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Ron Schwartz 2009-10-16 04:47:00

This is interesting to note. It may be that we act this way because of our evolutionary physiology. Here is some interesting info:

________________________________
Early theologians saw pride as the fundamental sin—the “queen of them all,” according to Pope Gregory the Great, who codified the list of seven deadly sins in the sixth century. Indeed, psychologists say that arrogance comes naturally in Western society.

Most of us perceive ourselves as slightly smarter, funnier, more talented, and better-looking than average. These rose-colored glasses are apparently important to mental health, the psychological immune system that protects us from despair.

“Those who see themselves as they truly are—not so funny, a bad driver, overweight—have a greater chance of being diagnosed with clinical depression,” says Julian Paul Keenan, director of the cognitive neuroimaging laboratory and professor of psychology at Montclair State University in New Jersey.

For most of us, it takes less mental energy to puff ourselves up than to think critically about our own abilities. In one recent neuroimaging study by Hidehiko Takahashi of the National Institute of Radiological Sciences in Japan, volunteers who imagined themselves winning a prize or trouncing an opponent showed less activation in brain regions associated with introspection and self-conscious thought than people induced to feel negative emotions such as embarrassment.

We accept positive feedback about ourselves readily, Takahashi says: “Compared with guilt or embarrassment, pride might be processed more automatically.”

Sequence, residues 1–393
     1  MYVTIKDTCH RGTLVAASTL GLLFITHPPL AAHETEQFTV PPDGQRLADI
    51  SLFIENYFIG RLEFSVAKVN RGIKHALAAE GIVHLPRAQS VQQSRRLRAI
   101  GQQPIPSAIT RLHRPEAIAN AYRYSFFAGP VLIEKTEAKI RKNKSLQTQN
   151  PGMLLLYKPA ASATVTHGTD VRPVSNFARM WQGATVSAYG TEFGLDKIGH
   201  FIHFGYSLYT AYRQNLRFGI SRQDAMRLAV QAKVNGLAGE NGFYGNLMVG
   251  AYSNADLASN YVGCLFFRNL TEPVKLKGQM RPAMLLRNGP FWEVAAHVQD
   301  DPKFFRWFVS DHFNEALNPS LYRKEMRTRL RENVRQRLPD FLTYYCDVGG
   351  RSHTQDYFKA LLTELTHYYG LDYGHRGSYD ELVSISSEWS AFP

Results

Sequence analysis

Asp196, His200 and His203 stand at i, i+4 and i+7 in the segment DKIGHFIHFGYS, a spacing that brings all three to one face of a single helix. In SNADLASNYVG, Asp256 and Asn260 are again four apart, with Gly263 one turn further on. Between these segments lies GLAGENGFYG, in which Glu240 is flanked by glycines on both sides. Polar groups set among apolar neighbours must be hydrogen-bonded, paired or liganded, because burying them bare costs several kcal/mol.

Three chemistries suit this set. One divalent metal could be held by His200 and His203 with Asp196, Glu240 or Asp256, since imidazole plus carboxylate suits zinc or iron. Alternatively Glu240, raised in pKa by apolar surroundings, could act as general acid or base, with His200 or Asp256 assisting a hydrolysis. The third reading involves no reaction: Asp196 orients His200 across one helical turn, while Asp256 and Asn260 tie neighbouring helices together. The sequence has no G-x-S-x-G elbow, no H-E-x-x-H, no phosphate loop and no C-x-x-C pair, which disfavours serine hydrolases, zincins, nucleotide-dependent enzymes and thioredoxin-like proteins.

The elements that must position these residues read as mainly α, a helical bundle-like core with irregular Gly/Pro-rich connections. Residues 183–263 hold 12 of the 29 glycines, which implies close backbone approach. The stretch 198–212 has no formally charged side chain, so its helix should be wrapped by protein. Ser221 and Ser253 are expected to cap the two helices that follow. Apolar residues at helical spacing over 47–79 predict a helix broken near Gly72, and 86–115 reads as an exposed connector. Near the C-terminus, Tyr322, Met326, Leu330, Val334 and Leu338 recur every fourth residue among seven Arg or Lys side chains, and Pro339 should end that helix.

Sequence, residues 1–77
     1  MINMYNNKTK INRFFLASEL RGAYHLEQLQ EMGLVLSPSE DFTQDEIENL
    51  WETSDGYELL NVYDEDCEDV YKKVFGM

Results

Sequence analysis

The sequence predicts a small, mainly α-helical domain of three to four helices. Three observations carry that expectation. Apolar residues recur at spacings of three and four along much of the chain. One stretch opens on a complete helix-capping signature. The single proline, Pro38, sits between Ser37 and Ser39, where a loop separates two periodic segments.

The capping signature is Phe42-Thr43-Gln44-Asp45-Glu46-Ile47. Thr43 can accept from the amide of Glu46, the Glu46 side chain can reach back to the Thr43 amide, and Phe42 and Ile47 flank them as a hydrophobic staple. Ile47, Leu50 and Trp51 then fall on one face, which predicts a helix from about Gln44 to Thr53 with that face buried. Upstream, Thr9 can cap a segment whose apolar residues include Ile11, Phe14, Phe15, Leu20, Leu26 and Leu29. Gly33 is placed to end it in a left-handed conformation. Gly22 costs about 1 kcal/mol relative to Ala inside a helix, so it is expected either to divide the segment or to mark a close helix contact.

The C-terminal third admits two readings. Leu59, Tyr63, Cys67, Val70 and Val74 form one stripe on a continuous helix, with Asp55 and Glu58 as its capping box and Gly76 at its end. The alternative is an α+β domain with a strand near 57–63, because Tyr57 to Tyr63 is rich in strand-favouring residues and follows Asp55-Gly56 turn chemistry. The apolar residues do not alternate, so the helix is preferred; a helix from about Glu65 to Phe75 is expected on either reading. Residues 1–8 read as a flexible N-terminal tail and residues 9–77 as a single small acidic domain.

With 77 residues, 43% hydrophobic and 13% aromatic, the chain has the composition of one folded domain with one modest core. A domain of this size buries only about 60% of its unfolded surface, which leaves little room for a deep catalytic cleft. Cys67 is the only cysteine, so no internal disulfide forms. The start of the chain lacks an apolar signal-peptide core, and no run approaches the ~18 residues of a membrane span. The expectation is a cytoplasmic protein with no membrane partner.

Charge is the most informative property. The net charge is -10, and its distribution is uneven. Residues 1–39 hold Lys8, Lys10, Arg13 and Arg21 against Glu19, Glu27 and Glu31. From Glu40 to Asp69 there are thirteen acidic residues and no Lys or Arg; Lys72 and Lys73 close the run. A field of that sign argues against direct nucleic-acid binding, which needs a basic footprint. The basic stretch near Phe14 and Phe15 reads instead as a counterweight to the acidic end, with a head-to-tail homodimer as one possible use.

MichaelS 2009-09-29 23:56:00

Excellent article! I feel positive and lucky that I saw/read it!

Laylow 2009-09-25 12:50:00

Amaaaaaazing logic, I loved every word of this and will reference it next time I happen to end up that 5%

whiterabbit 2009-09-25 04:21:00

Sorry to hear that Sean, thats completely bogus beacuse 99.9% is 100% according to my math teacher

Vera 2009-09-25 03:42:00

Those beats were you're the over whelming favorite are the toughest and they do stick with you. I can't remember the hands but I do remember going on what seemed at the time (thought it probably wasn't) a streak of getting sucked out on. Get it all in on flop with opponent having 2 outs and getting rivered, maybe next time they had 4 outs. But still with 47 cards unseen and even 4 helping you- that leaves 43 that don't, not exactly odds I'd want to get all in with. And it is like a kick in the stomach. It doesn't bother me near as much as it used to because I know unless I'm 100% to win it is always possible that this may be the time variance hits me upside the head. And going on TILT only hurts you, and actually helps your opponents. If it really upsets me and it's not a tournament then I will watch TV and get away from poker for awhile.

Lenny K 2009-09-24 23:55:00

Sean Lind:

If it happened for $5 you'd barely remember it, or at least you'd barely remember the pain that i'm sure still lingers deep down or in occasional scary dreams...aka nightmares

Sean Lind 2009-09-24 17:17:00

I still remember my first 99.9% to 0.1% loss. It was for far more money than I should ever have been playing heads up for at that time, and I almost lost my head.

I completely broke down, furious with rage that someone went perfect perfect to beat my flopped nut flush with a backdoor straight flush (all in on the flop naturally).

I called a good friend of mine who calmed me down with only one line:

99% is not 100%.

That one line alone was enough to realize that no matter how good your odds are, if you're not 100% you have to lose at some point.

I guess I just wish that loss came when I was fooling around with only $5 on the line. We can't choose when we take the hits, just how we deal with them.

Ed 2009-09-23 23:47:00

I feel all very zen like after reading your post especially after just going all in with J 10 on a
J 7 10 board
to be beat by A9 with turn 6 and river 8 making his straight. Might even print it and paste it to the back of my laptop for any furture bad beat episodes.

Johnpokerspt.blogspot.com 2009-09-23 22:32:00

Very good read, its just in my life the elevator is never waiting, and the 95/5 is a sure loss. thats all keep on trucking doug.